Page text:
All posts by Kels

Polar Bear Blog – Oh No There Goes Tokyo

Well, this could be an interesting year...  Bears are spread out along the coast with good sightings at Arviat, Seal River and Churchill.  For some bears, its been a banner year especially if they rode the sea ice far south into Ontario.  From all reports, its looking like a good year and hopefully this means a good cub production year as well, looks like our bears may need it. I've written about the Pacific Blob and a potential El Nino (The Little Boy) for a while now but now it looks like … Continue Reading ››

Polar Bear Blog – Hudson Bay Sea Ice

Sea ice is rapidly declining across the arctic and many bears are ashore for another season, up to 40% of the world's polar bears spend some time on shore through the year.  Overall, arctic sea ice is below the 30 year average but above the record lows of late.  Regionally, this means a lot of things, Russian bears as usual seem like they are in tough once again, Southern Beaufort bears could have some long swims ahead of them. On the other hand, Baffin and Hudson Bay bears are looking to have a pretty … Continue Reading ››

Polar Bear Blog – Holy Diver

A very interesting report has surfaced from Svalbard.  Published by Ian Stirling and Rinie Van Meurs, it records open water hunting behaviour that kind of takes things to a new level. In the late spring and summer, polar bears will hunt seals in and from the water.  Their most common open-water hunt is an 'aquatic stalk' where they swim up behind seals, sometimes diving underneath ice floes and then 'exploding' out of the water, trying to grab an unsuspecting seal. This bear quietly slid into the water about 50m (164 ft) away … Continue Reading ››

Polar Bear Blog – Walking Hibernationish Sort of

A recent study out of Alaska is gaining a fair bit of traction in the media, raising alarm bells that 'polar bears are not able to adapt to climate change' and the usual hub-bub.  It is a fairly comprehensive study of polar bear biology from spring to fall, measuring body temperature, locomotion and that sort of thing.  It is also a study that turns a few common polar bear facts on their head. First of all, the study suggests that 'walking hibernation' is actually not that important an adaptation for polar bears, if it exists at … Continue Reading ››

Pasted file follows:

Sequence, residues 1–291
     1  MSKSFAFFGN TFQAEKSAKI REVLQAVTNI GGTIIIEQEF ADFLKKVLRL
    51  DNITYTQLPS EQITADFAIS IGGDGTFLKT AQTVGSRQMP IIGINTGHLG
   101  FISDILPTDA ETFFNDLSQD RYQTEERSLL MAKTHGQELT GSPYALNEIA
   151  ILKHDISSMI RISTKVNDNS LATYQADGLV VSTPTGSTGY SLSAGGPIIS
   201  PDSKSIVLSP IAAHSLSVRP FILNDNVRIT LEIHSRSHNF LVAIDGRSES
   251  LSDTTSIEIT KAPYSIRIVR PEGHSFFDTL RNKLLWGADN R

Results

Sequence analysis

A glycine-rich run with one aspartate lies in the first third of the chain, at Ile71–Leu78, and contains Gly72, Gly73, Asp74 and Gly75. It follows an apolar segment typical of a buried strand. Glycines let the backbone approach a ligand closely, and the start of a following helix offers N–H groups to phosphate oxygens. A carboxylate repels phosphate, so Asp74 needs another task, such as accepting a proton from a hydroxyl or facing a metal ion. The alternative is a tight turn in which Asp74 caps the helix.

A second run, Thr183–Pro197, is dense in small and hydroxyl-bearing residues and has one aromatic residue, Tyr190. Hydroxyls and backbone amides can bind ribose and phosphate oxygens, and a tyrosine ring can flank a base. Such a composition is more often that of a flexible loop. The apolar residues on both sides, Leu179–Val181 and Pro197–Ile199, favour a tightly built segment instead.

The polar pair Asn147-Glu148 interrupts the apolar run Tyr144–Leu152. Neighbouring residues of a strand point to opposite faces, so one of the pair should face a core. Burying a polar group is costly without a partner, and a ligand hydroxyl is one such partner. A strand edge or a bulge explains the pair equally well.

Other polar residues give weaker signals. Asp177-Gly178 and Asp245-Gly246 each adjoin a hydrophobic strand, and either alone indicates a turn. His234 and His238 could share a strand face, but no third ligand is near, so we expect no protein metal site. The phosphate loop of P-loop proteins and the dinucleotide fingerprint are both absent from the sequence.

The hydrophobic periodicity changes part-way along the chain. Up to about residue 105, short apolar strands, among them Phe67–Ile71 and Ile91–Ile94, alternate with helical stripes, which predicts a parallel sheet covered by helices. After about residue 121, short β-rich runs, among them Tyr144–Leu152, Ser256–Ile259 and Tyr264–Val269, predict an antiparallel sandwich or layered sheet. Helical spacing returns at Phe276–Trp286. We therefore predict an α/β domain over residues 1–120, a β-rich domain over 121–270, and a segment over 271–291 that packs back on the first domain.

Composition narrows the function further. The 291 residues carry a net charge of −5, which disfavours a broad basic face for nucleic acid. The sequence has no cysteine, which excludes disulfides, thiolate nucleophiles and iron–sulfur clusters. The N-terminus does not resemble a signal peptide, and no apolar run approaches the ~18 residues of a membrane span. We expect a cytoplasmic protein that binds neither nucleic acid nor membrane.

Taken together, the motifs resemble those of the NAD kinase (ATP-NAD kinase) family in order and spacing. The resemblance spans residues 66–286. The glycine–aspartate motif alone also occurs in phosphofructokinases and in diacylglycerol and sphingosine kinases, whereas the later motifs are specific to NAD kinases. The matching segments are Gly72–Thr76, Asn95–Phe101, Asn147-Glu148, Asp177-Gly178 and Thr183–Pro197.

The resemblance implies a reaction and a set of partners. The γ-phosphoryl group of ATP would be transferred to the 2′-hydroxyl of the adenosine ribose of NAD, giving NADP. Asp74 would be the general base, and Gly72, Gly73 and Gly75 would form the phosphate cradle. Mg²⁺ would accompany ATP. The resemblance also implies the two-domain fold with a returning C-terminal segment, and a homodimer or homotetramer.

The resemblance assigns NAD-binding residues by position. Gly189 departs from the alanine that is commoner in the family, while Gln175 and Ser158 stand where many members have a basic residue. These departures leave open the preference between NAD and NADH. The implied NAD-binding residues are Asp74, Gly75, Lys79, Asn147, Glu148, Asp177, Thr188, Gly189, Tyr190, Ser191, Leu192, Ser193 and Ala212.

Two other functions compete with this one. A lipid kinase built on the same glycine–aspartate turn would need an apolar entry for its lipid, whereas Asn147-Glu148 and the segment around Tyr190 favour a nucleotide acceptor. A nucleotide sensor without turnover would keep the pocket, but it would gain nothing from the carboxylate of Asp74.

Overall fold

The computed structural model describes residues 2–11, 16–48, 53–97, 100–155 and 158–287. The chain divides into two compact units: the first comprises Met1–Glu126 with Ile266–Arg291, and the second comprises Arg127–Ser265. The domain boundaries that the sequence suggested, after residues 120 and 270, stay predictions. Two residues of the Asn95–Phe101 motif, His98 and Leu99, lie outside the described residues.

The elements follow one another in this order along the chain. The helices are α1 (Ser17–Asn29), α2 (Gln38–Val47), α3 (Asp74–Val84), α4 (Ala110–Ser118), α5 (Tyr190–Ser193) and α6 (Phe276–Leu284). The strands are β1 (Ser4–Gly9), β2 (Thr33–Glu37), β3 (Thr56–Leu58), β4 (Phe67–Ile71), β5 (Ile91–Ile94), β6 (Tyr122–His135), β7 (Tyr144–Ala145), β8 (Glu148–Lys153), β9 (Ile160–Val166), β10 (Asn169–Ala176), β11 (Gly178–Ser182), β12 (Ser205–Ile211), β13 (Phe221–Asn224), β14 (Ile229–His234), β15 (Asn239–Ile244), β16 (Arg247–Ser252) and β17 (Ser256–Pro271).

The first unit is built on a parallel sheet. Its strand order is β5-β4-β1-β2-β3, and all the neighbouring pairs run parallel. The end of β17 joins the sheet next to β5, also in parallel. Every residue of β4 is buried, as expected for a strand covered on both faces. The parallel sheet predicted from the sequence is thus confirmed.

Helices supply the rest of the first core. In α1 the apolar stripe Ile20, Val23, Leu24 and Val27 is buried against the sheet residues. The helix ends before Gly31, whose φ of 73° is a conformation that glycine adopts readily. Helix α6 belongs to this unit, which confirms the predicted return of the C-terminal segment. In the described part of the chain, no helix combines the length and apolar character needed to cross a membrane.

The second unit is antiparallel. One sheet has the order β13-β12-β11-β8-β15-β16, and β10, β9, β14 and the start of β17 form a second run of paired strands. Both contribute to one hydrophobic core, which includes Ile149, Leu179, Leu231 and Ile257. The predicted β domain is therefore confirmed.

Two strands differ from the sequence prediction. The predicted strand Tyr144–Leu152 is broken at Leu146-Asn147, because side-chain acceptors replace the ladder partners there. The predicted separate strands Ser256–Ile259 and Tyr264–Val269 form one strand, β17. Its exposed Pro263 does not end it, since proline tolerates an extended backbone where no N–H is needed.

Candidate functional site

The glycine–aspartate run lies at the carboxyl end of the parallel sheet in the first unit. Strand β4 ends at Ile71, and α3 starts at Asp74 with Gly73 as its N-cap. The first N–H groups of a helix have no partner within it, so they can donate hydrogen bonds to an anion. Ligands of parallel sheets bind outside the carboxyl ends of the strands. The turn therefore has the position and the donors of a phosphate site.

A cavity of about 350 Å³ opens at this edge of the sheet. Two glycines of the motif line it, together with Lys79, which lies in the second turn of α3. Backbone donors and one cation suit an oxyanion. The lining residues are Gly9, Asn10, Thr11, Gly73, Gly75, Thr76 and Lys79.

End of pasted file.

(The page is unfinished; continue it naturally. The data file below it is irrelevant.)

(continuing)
Polar Bear Blog – West Baffin

Well, its been three years since my last visit but I'm back up in Pond Inlet, Nunavut; this time for a full floe edge season running a tourist camp on the sea ice. We've spent a couple days loading up qamutiks, arctic sleds towed by snowmobiles, and sending equipment out to the cache.  Tomorrow, we'll probably head out and start erecting tents and hooking things up. Pond Inlet is a community of about two thousand people set in one of the nicest locations in the arctic.  The Inlet itself separates the community from Bylot Island to … Continue Reading ››

Polar Bear Blog – Last Call

April and May are a busy time for polar bears. Not only is it peak seal hunting conditions but its also time for bears to, well, get busy. By age four or five, females are sexually mature and ready to mate. As they go into estrous, they appear to leave a scent trail in their footsteps allowing male polar bears to track them. Preferably, the female ‘allows’ the male to court her and they mate over several days, often find a ‘secluded’ spot for their tryst. However, there is considerable competition for mates among the males … Continue Reading ››